Link to the University of Pittsburgh Homepage
Link to the University Library System Homepage Link to the Contact Us Form

Becoming Black Lives Matter: Racial Change and the Emergence of Black Movements

Weddington, George (2022) Becoming Black Lives Matter: Racial Change and the Emergence of Black Movements. Doctoral Dissertation, University of Pittsburgh. (Unpublished)

[img] PDF
Restricted to University of Pittsburgh users only until 12 October 2024.

Download (947kB) | Request a Copy


My dissertation explores the role of racial ideologies and ideologically structured action in the formation of social movements and social movement organizations (SMOs). Through ethnographic examination of the grassroots efforts of a prison reform organization, I explain how activists in SMOs generate changes in their organization’s structure, protest tactics, and network affiliations in attempts to create Black organizations. Building upon Stuart Hall’s theory of articulation (Grossberg 1986) alongside Tianna Paschel’s reading of his work to study Black movements in Brazil and Colombia, I study the racial changes of the movement organization that I call Action for Police Reform (APR) to become a part of the Black Lives Movement in 2014. The theory of articulation explains that organizations and movements undergo racial change not only through membership or demographic changes, but activists acting upon racial ideology as a cognitive framework that activists use to evaluate and remake their movement claims, affiliations, and tactics.
By examining the changes that Black activists made in APR as they joined the Black Lives Movement, I present three key findings. The first finding is that movement organizations are racialized in various, and often inconsistent ways, as activists make and remake social racial boundaries within movement organization structures. The second finding is that activists’ success in changing the racial aspects of movement organizations depends, in part, on pre-existing organizational structures and organizing principles. The last finding is that the social bases of support for Black movements depends, in part, on the ability for activists to repurpose organizational structures and resources.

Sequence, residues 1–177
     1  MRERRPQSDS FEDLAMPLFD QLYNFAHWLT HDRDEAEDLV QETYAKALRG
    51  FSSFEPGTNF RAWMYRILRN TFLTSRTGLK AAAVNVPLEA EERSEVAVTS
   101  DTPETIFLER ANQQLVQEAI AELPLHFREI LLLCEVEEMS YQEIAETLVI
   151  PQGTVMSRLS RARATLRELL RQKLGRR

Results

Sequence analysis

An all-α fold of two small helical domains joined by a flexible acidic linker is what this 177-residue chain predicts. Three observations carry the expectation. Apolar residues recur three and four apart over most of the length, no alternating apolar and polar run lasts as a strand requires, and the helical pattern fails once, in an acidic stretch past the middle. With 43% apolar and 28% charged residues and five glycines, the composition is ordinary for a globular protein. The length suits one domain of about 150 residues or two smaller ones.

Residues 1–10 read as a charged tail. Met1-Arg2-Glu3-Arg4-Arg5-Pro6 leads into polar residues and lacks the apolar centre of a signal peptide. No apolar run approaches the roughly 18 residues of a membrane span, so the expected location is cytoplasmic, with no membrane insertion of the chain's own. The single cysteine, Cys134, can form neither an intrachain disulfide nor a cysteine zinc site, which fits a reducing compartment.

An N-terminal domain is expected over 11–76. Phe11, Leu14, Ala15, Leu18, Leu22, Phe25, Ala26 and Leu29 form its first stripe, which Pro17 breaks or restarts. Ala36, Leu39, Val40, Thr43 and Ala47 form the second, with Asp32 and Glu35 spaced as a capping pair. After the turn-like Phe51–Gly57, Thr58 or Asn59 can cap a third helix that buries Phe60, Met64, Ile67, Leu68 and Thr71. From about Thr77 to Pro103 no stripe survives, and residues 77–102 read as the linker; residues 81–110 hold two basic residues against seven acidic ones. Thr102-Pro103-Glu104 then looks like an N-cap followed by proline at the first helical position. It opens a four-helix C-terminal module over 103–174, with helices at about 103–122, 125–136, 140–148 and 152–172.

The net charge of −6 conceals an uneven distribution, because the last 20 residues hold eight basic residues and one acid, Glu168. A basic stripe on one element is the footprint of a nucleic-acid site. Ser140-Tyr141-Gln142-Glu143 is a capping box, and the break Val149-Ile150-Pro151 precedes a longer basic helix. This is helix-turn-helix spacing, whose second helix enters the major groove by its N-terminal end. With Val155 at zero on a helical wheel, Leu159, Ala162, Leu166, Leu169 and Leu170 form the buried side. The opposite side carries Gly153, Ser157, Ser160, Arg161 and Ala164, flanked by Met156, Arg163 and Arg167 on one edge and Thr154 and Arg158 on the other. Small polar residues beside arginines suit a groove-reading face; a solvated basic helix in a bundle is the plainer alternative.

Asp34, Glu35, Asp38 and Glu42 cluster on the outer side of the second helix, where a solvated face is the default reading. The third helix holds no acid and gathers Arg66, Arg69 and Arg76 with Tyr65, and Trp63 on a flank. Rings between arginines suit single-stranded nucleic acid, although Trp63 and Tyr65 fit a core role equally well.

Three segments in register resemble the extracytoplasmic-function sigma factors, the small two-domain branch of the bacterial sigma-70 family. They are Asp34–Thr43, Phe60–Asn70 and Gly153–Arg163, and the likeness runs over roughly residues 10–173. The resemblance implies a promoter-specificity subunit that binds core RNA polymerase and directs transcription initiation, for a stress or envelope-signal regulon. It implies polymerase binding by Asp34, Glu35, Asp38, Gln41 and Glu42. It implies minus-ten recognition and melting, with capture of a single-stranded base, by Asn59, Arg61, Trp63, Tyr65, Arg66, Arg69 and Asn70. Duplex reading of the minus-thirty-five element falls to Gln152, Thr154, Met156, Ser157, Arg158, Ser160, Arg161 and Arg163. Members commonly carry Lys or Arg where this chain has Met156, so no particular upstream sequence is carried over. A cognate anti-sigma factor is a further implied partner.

I contribute to broader research on social movements and collective behavior while also providing empirical analysis of the Black Lives Movement. My findings point toward a need to further study the ontological basis of social movement support by displaying how activists carve out pockets of support in organizations that may, on surface level, appear to be neutral or uninvolved. In terms of the Black Lives Movement, this dissertation presents an example of the spread of the protest wave and the history of how a preexisting organization facilitated sustained local protest over the course of two years.


Social Networking:
Share |


Item Type: University of Pittsburgh ETD
Status: Unpublished
CreatorsEmailPitt UsernameORCID
Weddington, Georgegtw10@pitt.edugtw10
ETD Committee:
TitleMemberEmail AddressPitt UsernameORCID
Committee ChairStaggenborg, Suzannesuzstagg@pitt.edusuzstagg
Committee MemberBloom, Joshuajoshuabloom@pitt.edujoshuabloom
Committee MemberMurphy,
Committee MemberOliver,
Date: 12 October 2022
Date Type: Publication
Defense Date: 21 July 2022
Approval Date: 12 October 2022
Submission Date: 2 August 2022
Access Restriction: 2 year -- Restrict access to University of Pittsburgh for a period of 2 years.
Number of Pages: 167
Institution: University of Pittsburgh
Schools and Programs: Dietrich School of Arts and Sciences > Sociology
Degree: PhD - Doctor of Philosophy
Thesis Type: Doctoral Dissertation
Refereed: Yes
Uncontrolled Keywords: Black Studies, Social Movements, Race
Date Deposited: 12 Oct 2022 20:30
Last Modified: 12 Oct 2022 20:30


Monthly Views for the past 3 years

Plum Analytics

Actions (login required)

View Item View Item